After today’s lackluster reveal of the new Xbox, I decided to take a gander at Microsoft’s Official Lauch Site and what I see front-and-center is all about how it blends the delivery of all media types (music, movies, television, news, and oh yeah, gaming) into one device. It even features a picture of your super hip dad (or Bill Gates) in his purple sweater. Because, you know, us Xbox 360 gamers are geriatric now and buy odd colored and poorly fitting clothes from the local thrift shop (which is kinda hip now by the way).
The feature list doesn’t excite much. Although I do find the Built-In Gameplay Recording a near idea, it will need a time-caching system so that I don’t have to remember to begin recording before I start playing. The moments best sharing are usually the ones you weren’t anticipating recording. I’m also concerned that this feature is going to make hours of other people’s boring video playback even more proliferate on Youtube and other video sharing sites. Seriously, I’ve already seen about all the World of Warcraft raid-waiting that I can stomach for a lifetime.
Also, who needs a 1080p Kinect camera watching you whenever you are in your living room? If that thing is always on then I’m unplugging this thing when I’m not actively using it. The whole talking to your Xbox with voice commands is nothing more than a feature-grid checkbox requirement. Remember when cell phones featured voice activated dialing? Who uses that anymore? It is pompous and seems creepier than useful.
The Smart Matching match-making system is long overdue, but no one has figured out a great algorithm that gets me into a game quickly against people of comparable skill level in any system I’ve participated in – the latest being Blizzard’s Starcraft II ranking system. It takes several (n>30) matches for it to accurately place you, and over time your skill level changes, and if you sometimes play while sloshed then is the creepy Kinect-thing going to know that it is 2:30am, I’m shit-faced drunk, and I’m holding the controller upside down? Granted, these systems are better than nothing, but it isn’t a feature that is going to significantly change that value you get out of this new system.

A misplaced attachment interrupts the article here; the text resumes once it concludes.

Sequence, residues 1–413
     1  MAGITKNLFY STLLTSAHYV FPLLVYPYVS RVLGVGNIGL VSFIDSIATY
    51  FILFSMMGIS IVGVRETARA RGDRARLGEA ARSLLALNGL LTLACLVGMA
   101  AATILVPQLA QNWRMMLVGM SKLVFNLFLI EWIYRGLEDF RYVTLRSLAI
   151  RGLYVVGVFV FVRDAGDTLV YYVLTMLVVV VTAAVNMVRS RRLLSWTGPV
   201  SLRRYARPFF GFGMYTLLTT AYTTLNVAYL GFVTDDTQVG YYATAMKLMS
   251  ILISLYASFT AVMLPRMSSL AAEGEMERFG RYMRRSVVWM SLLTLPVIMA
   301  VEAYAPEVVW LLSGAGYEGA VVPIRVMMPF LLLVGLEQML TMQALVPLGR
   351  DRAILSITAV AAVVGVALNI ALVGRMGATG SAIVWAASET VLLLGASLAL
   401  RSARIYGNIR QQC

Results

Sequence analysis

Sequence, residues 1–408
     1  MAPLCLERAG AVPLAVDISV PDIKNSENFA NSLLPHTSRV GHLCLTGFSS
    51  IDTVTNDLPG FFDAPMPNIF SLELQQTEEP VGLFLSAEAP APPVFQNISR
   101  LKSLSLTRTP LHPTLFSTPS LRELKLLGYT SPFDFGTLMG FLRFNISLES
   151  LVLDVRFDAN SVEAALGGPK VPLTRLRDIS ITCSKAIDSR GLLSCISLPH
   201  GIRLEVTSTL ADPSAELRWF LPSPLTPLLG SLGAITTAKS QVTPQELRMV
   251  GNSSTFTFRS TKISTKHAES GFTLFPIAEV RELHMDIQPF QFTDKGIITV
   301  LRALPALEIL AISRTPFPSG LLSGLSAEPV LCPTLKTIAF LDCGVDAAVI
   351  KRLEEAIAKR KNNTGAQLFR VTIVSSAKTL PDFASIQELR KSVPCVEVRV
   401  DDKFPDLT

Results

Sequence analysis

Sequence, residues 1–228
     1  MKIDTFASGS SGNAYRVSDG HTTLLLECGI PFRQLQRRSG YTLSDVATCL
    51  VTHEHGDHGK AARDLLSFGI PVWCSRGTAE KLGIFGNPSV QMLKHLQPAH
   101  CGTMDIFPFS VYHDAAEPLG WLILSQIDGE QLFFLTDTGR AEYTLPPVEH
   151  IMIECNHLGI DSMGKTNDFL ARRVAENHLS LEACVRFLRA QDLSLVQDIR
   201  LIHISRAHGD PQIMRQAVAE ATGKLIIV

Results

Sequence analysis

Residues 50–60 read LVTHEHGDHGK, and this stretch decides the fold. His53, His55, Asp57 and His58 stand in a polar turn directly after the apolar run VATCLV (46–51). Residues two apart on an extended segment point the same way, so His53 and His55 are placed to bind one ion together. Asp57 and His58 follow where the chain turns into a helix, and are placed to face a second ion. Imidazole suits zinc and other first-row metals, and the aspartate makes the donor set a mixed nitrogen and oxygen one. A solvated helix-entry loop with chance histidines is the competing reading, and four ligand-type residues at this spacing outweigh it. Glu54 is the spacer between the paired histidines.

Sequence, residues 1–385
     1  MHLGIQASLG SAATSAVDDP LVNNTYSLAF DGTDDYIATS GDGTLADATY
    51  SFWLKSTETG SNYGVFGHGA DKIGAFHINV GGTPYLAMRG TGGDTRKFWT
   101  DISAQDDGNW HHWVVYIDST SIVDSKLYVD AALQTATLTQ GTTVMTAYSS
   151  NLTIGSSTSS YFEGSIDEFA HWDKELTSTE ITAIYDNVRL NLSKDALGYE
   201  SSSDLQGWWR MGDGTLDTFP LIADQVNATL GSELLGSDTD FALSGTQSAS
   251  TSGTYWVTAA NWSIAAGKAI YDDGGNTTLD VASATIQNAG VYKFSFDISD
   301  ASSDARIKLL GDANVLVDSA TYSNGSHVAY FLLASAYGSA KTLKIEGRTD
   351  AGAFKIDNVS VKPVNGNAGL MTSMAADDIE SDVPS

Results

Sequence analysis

Xbox’s new Achievement System “has richer detail and spans across your games and experiences, which means achievements are no longer confined to a single game”. So it means, what? Why, as a gamer, should I care about this? How does it benefit me? “Our new achievements portal not only keeps track of what you earned, but how you earned it, so it’s more personal than ever”. I DON’T UNDERSTAND! WHAT DOES IT MEAN?!!!11ONE!1!
“As real as real life.”
Forserious? Because I usually play video games to escape real life. Not because I need a Second Life (see what I did there?)?
Microsoft claims the architecture is integrated with a “powerful Windows OS”, which means that you will be dying to Blue Screens more than ever. I’m not surprised: I forecasted yeas ago that the next gen consoles would be more like PCs than consoles. What I hate most about this integration though is the Skype. It is the most god awful voip client known on earth, and the user interface seems to have been designed by an undergraduate with a pirated copy of Photoshop.
Living Games Technology? Please give me a concrete example. Sounds like streaming patches to me, not some sort of magical process by which games will continue to become more awesome without developer effort. Also, “playing while games update” has been around on PCs for years now. Steam and Blizzard both have this technology baked in.
The most promising feature is the Xbox Smart Glass, where you can control your Xbox with your mobile fun. But this begs the question: aren’t you supposed to be controlling your Xbox One by speaking to it? Also, will I be able to use Android, or do I have to use a crappy Windows Phone?
Bottom Line: Let me thank my dad up there in the purple sweater for giving me several good reasons to continue using my PC as my primary gaming device. These are not the features of a “Next Gen” console. This is a money grab to control the infrastructure that delivers the media that you want to micro-monetize.